Monday, July 27, 2015

Fun and Game Geeks

I married a game geek. In fact, I married into a family of them. That’s not why I go to GenCon (the biggest tabletop gaming convention in North America) every other year—to be honest, I go for the stuff… chain mail, daggers, leather bound journals… to satisfy my role-playing soul—but I do play tabletop games and love to meet the people who create them.

Being married to a game geek means I get to play a lot of games. Games have taken over one room of the house. It’s impossible for my intrepid spouse to see a tabletop game he doesn’t want to play. He funds dozens of games at a time on Kickstarter and it seems that every week some new game or other appears on our doorstep. It didn’t surprise me in the least to learn that we are living in a Golden Age of Tabletop Gaming. Hundreds of great games are available and many of them are simply outstanding.

My favorites are the cooperative games. Competitive games bring out the worst in me. I HATE losing and being targeted by my fellow players can feel personal, which I hate even more. Everyone playing together to defeat a game suits me better and I love helping a team work toward a common goal.

I thought it would be fun to share a few favorite games. Maybe someone is looking for new recommendations or might consider giving a game as a gift. Here are a few the big Italian family and I love to play when sitting around the table on Family Sunday.

Pandemic. (also at top) Possibly the best cooperative game ever created. Fun to play but tough to beat. A lot of teamwork and strategy is needed to play this one! Even when we win, humanity is generally teetering on the brink of extinction. The board game comes with cubes for four virulent diseases and cards for cities around the globe. We like to give the diseases colorful names and have become really well-versed in geography. My husband and I play the app version on the iPad at least a few times a week. Highly recommend you also buy the On the Brink expansion pack for even more characters and new cards to add to the fun.

Tiny Epic Defenders. My husband funded this on Kickstarter and it’s become a great favorite with the family. The game is compact, challenging, and has a different dynamic. Instead of just going around the table one by one, you wait for your card to come out and only then can you leap into action. Lots of characters to choose from. Simple and sweet, can be played in twenty minutes. We prefer it to its sister game, Tiny Epic Kingdoms, and look forward to trying Tiny Epic Galaxy at GenCon.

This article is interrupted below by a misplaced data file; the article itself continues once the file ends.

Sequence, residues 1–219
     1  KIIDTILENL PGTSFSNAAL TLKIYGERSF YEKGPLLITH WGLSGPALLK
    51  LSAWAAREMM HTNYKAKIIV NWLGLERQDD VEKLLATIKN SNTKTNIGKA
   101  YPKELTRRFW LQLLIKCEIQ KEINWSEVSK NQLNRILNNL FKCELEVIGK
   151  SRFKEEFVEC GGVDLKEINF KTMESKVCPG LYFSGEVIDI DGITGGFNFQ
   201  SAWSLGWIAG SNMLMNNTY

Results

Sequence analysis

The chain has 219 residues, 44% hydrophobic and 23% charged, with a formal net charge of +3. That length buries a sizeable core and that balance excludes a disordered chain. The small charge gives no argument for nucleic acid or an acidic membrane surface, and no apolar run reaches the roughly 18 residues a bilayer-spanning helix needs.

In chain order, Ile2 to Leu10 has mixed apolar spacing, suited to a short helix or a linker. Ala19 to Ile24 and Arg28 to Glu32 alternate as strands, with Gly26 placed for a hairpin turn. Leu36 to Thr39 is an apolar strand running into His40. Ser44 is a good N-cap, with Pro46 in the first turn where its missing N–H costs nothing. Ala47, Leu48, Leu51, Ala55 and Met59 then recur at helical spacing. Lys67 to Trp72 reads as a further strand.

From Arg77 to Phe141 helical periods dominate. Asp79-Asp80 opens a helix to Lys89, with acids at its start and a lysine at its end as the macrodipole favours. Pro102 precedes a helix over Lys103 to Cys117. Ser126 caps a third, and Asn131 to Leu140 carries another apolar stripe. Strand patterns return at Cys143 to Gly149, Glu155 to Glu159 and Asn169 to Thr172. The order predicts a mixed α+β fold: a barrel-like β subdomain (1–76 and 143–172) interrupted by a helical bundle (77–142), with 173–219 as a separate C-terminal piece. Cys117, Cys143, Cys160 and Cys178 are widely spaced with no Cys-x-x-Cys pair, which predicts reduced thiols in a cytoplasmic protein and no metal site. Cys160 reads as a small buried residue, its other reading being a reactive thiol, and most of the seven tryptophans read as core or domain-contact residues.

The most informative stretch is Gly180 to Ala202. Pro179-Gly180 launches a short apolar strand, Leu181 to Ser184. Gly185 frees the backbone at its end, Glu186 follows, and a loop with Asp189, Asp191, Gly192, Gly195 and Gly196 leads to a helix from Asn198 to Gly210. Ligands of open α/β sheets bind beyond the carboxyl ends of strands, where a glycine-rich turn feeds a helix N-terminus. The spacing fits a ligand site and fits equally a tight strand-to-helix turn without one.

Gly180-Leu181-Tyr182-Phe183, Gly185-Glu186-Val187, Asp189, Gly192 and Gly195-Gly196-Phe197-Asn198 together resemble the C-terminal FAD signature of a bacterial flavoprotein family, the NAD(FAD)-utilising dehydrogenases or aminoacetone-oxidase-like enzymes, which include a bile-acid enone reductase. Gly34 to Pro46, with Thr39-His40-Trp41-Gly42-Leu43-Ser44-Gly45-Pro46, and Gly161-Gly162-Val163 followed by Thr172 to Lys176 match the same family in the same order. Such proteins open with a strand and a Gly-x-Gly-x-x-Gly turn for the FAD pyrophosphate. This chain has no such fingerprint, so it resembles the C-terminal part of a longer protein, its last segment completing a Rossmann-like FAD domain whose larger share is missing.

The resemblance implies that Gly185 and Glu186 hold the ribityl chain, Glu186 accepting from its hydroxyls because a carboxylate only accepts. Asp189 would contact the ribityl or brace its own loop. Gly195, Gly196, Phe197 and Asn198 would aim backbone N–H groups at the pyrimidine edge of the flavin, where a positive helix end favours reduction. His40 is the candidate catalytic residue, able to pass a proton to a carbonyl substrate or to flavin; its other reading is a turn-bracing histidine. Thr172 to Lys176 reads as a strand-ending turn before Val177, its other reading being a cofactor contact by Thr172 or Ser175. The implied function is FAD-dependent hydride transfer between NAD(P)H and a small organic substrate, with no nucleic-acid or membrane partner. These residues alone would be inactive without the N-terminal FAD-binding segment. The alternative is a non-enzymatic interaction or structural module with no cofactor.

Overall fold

Batman Love Letter.  A card game for 2-4 people. There are many variations on Love Letter, but we like this Batman one the best. If you don’t have a lot of time, you can easily make this game as long or short as you like. Easy to play and loads of fun. The cute velvet pouch with a Bat-symbol makes it easy to transport. Playable in tight spaces, too, such as on an airplane. Yes, we’ve done that.

Camp Grizzly. Here’s a game you won’t find on Amazon, so I linked to its Facebook page where you can learn more and click to a buy site if you’re interested. We funded this as a Kickstarter game and snagged a first edition. Next thing you know, it has leapfrogged to the top of the Love-to-Play list. The game board is a summer camp with cabins and trails, the players assume the identities of camp counselors in several horror staple roles—including the Scream Queen—and there’s a killer named Otis in the woods. I don’t even like horror movies and I find this game fun. The artwork on the cards is laugh-out-loud hilarious.

Forbidden Desert. You’ve crashed your airship in the desert and must defeat the elements, find water, uncover the missing parts of your crashed ship, and shovel a lot of sand to survive. Made by the same people who created Pandemic, so you know it’ll be diabolical. Both box and game are simply beautiful and the gameplay is challenging. Played using shuffled tiles, so you never see the same board twice. I like being the Water Carrier, because I can’t think of anything more helpful than giving dying people water so they can live—though they might prefer an airship mechanic.

Hanabi. Another portable card game. What’s fun about this one is you can see every other player’s hand of cards—but not your own. Players must give each other simple clues about what cards they have so these can be played to the table in such a way as to create a fireworks display and gain points. The mental gymnastics involved in the giving of clues makes for great fun. A wonderful game for 2-4 people.

Oh, and here’s a great resource for anyone who plays board games: Wil Wheaton’s Tabletop. It’s a web series and loads of fun. I linked to the Wikipedia article because it lists all the board games the show has featured. All episodes can be found on You Tube. The shows are a good way to check out other people playing a game to help decide whether you might like it or not.

And yes, for the record, I think some of my characters would be great in a game!

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